We recommend Hold and revise our target price to LKR 690/share (previously LKR 553/share) with a total return of -9.6%. CCS reported Q1 FY 20 net profit of LKR 412mn, up 72.5% yoy, with revenues up 19.8% yoy and EBIT margins improving by 3.1ppts to 6.4%. Manufacturing net profits were up c50.0% yoy driven by double digit volume growth at both frozen confectionery and beverages, and lower sugar taxes. In retail, both footfall and average basket value (ABV) saw positive growth resulting in a 1.7ppts expansion in EBIT margins. However, higher interest expenses due to implementation of SLFRS 16, hurt retail net profits.
We continue to expect earnings improvement at CCS through margin recovery in manufacturing and steady footfall in retail. However, we expect ABV to taper down. We also note that the interest expense impact from SLRFS 16 adjustments will suppress the bottom line of CCS going forward.
Manufacturing benefits from double digit volume growth
Manufacturing (soft drinks/frozen confectionery) was up 25.3% yoy, while EBIT margins improved by 5.4ppts, mainly on the back of double-digit volume growth at both frozen confectionery and beverages, and lower sugar taxes compared to last year. We believe overall consumption was mainly driven by at-home consumption as consumers lowered dining out during the quarter amid security concerns following the Easter attacks. In addition, schools were also closed for nearly half the quarter, which we believe resulted in the c50.0% volume growth in the ice cream impulse range. Looking forward, we expect these volume growth rates to somewhat normalise as consumers have begun to dine out since late June. However, we expect margin recovery to continue in FY 20e, with sugar taxes being lower compared with FY 19.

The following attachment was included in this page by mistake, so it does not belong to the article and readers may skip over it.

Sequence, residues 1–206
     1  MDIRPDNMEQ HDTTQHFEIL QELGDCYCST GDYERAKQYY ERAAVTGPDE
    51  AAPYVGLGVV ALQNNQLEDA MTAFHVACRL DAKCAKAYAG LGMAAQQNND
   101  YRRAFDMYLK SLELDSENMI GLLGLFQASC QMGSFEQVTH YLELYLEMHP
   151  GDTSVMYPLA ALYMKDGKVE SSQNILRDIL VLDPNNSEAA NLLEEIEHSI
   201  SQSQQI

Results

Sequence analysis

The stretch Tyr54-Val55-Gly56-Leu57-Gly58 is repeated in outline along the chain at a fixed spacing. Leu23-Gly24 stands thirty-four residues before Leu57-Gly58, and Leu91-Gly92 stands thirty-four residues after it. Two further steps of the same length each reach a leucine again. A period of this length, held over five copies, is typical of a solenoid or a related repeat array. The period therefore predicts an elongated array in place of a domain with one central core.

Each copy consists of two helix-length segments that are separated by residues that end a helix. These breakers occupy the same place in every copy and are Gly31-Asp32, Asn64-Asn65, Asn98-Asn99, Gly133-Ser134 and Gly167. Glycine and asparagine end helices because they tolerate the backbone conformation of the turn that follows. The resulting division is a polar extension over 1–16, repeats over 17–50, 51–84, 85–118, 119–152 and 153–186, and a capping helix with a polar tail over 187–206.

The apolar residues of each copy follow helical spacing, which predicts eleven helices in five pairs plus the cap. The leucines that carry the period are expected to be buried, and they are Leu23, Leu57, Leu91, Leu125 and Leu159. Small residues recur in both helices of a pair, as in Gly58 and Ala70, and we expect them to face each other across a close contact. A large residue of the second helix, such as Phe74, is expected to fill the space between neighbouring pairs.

Basket values recover in retail; higher exposure to Western Province helps
Retail (Keels stores) was up 18.3% yoy, driven by new store sales. Same-store sales (SSS) were up 3.6%, driven by a 2.0% growth in traffic while ABV was up 1.6% (first time since 3Q18). The chain now operates 98 stores. Similar to manufacturing, we believe basket value growth came as a result of consumers increasing spending on non-essentials, as many stayed at home during the quarter. We also believe CCS’s exposure concentrated on the Western Province also helped it benefit from additional spending. While footfall will remain steady, we believe ABV growth will taper down as consumers get back to regular purchase patterns.
We revise our TP to LKR 690/share and maintain our Hold rating
While the stock price saw a sharp increase over the past few weeks, it remains expensive trading at a premium of c92.0% to its five-year trading average. Also, CCS is trading at 40.5x our FY 20e earnings. Including a strong Q1 result, we expect the remainder of the year to see positive earnings growth from steady store footfall, at least low-to-mid teen volume growth in manufacturing, and lower sugar taxes. However, we do note that the interest cost impact from SLFRS 16 will hit overall earnings going forward. With revisions to our estimates, our sum of the parts valuation-based TP goes to LKR 690/share (previously LKR 553). Including a dividend yield of 1.9%, we expect a total return of -9.6%. Hold.